Charging waiter in allergy mix-up will make life difficult for restaurants, association warns
Waiter could face criminal negligence charge after salmon tartare put patron in coma
Prosecutors in Quebec risk radically altering the relationship between restaurants and their customers if they decide to charge a waiter who served the wrong dish to a man with a severe food allergy, the provincial restaurant association said Friday.
The association was reacting to the possibility that a 22-year-old waiter at the Le Tapageur restaurant in Sherbrooke, Que., could be arraigned on a charge of criminal negligence following his arrest earlier this week.
A police investigation was prompted by a complaint filed by Simon-Pierre Canuel, a Gatineau resident, who said he went into anaphylactic shock and had a cardiac arrest that left him in a coma for several days because he ate the salmon tartare instead of the beef tartare he had ordered.
It is not yet clear whether charges will be laid.
The restaurant industry is warning that people with food allergies could have a hard time getting service if the Crown goes ahead with the case.
"It would create an important precedent that we predict will have serious consequences," François Meunier, a vice-president of the restaurant association, told CBC News. "The relationship with people with allergies will change."
Meunier said it would be impossible for restaurants, and waiters in particular, to face the prospect of being arrested for honest mistakes.
A mistake waiting to happen?
Given the hectic nature of most restaurants, some in the industry are surprised incidents like the one in Sherbrooke don't happen more often.
"Communication between front of house and back of house tends to not go as smoothly as we would like in the allergy field," said Andrea Lobel Shainblum, an allergy consultant for restaurants.
Preventing reactions to food allergies, she said, requires restaurants have streamlined communication protocols in place.
But according to one of the country's leading chefs, that might be easier said than done, given the lack of oversight and training in many restaurants.
"Anybody can be a restaurant manager. Anybody can be a chef without a licence," David McMillan, who runs the popular restaurant Joe Beef, told CBC Montreal's Daybreak on Friday.
"People get foodborne illnesses all the time. People get cross-contamination illnesses. People end up in the hospital because there's fecal coliform in the salad, or the chef mixing the salad had pneumonia or a bad cold or the flu and passed it on to the whole dining room. These are common occurrences."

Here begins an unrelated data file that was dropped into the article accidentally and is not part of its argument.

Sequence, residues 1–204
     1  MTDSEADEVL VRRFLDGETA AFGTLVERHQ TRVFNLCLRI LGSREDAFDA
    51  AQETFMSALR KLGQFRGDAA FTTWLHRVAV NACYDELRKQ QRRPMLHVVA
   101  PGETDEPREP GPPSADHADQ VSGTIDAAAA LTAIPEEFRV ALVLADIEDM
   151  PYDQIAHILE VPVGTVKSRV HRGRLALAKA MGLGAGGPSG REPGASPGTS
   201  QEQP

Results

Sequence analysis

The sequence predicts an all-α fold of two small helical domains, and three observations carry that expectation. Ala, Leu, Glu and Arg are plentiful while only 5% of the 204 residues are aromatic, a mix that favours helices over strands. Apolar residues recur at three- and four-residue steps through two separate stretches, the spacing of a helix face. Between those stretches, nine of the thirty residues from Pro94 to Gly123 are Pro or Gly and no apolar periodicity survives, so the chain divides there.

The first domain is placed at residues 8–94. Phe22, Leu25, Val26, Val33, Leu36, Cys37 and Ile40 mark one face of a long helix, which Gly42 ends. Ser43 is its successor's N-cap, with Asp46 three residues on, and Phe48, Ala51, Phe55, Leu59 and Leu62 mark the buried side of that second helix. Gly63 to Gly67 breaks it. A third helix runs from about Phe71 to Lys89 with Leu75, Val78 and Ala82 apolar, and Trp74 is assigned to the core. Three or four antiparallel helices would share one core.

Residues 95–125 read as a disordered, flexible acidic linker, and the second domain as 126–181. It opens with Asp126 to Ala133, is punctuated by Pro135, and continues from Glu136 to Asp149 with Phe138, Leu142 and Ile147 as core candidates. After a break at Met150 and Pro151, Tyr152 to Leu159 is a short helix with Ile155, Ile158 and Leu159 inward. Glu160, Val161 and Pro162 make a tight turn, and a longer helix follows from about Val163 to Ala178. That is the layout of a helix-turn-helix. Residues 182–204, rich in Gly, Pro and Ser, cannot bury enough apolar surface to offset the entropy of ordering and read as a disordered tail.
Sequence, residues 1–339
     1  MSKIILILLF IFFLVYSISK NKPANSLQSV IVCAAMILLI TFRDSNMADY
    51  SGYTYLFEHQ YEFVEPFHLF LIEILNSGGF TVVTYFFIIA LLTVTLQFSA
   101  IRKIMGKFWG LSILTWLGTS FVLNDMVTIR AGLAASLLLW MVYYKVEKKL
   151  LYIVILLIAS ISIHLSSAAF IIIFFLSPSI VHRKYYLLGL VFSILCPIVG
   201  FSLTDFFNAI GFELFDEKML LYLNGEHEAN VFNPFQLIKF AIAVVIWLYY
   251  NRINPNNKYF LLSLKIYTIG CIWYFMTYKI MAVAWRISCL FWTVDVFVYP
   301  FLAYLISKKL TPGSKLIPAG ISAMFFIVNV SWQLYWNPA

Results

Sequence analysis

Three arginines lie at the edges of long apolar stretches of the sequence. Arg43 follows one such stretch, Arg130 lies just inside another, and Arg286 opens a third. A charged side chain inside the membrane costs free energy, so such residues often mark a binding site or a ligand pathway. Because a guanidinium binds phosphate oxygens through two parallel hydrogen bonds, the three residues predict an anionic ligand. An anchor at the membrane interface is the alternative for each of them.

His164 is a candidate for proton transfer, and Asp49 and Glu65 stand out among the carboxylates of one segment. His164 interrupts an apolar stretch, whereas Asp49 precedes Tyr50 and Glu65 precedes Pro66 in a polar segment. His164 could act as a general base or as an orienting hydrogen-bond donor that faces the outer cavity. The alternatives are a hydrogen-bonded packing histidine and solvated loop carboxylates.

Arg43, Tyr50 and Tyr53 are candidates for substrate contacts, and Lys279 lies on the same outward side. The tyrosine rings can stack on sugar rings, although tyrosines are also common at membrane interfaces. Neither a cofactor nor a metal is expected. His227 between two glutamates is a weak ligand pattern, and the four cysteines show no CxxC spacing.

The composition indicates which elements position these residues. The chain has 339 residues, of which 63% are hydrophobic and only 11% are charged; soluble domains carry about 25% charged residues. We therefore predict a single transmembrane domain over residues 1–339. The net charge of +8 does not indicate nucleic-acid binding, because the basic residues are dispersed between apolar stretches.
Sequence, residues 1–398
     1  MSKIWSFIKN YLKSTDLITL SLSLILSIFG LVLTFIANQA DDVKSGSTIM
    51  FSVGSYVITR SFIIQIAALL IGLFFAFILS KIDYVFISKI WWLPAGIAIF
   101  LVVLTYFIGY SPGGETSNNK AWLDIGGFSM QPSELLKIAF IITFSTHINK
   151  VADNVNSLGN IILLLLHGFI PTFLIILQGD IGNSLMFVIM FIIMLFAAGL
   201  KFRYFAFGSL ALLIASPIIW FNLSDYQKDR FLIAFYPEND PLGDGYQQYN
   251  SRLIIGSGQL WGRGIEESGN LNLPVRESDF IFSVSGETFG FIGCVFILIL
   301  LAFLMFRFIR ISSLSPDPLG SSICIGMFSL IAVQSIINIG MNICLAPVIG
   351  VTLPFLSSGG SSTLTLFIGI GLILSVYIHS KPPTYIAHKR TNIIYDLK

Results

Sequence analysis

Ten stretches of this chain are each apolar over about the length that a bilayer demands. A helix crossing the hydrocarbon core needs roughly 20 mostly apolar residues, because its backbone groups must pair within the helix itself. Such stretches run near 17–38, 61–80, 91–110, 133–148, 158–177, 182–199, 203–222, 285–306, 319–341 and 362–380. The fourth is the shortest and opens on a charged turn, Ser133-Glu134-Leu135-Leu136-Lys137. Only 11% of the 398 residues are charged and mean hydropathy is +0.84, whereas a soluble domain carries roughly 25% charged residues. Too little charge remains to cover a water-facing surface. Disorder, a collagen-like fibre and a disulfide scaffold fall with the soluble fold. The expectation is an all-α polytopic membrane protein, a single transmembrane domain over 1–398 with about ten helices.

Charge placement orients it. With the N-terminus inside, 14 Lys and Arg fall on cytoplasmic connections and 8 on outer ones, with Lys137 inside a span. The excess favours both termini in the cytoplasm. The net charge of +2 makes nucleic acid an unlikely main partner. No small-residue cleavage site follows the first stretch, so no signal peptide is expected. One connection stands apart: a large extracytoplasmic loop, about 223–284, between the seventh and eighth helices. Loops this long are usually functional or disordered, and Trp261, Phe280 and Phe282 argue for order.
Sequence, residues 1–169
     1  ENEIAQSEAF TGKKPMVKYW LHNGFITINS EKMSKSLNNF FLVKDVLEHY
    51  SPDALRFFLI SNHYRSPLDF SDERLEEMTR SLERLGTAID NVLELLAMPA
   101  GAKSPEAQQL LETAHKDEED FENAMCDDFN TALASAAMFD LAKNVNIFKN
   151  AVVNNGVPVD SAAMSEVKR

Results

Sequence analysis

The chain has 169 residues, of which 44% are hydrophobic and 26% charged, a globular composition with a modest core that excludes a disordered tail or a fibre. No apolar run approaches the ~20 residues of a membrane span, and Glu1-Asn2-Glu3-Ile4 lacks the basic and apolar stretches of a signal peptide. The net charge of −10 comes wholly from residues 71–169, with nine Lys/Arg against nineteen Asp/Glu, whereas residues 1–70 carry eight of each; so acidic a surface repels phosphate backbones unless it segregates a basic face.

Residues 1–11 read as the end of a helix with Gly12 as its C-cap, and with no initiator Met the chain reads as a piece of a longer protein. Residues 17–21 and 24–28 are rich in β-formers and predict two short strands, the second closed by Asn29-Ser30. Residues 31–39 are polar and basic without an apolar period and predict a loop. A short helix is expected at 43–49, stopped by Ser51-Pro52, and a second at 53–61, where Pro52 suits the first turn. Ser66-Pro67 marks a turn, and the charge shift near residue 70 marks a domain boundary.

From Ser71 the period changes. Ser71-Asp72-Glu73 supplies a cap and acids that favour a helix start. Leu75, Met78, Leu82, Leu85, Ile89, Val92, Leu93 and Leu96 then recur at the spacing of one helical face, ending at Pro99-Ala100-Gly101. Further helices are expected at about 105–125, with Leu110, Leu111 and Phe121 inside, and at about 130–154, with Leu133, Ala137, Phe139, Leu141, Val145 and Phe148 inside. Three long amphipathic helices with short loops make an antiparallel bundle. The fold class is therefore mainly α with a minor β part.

McMillan, who is allergic to peanuts and fish, said food allergies are "not something to be taken lightly."
According to guidelines established by Quebec's restaurant association, at least one employee in every restaurant kitchen needs to have taken a course on hygiene and food safety. The course includes a section on food allergies.
The association also recommends that restaurants have an EpiPen on hand in case of an allergic reaction.
In the Sherbrooke case, Canuel had forgotten his EpiPen in the car.
Meunier, the restaurant association vice-president, said people with food allergies share a responsibility with the restaurant when it comes to their safety.
"When they leave their home and accept to eat in a public place they know they have to share their risk," he added.
The customer's responsibility?
Lori Medoff, a Montrealer with a severe allergy to seafood, said it's a "big challenge finding a restaurant that takes it seriously.
"I have a full discussion with the waiter before ordering everything," she said, but added that "it's also up to the person with an allergy to ensuring the food they are eating is safe."
She recounted an interaction with a server who insisted there were no traces of fish in Worcestershire sauce. It was only after showing him the ingredients on the bottle that she was able to convince him it contained anchovies.
On Thursday, several Sherbrooke residents said they would dine at Le Tapageur to show support for the restaurant.
Serving staff at other Sherbrooke restaurants also came out in defence of the waiter. Lysandre Vaugeois, who works at Auguste Restaurant, said a criminal investigation goes too far.
"People make mistakes," she said.
"I think it's a little the fault of both. I find that a criminal charge, it's a little intense."
With files from Radio-Canada and Alison Northcott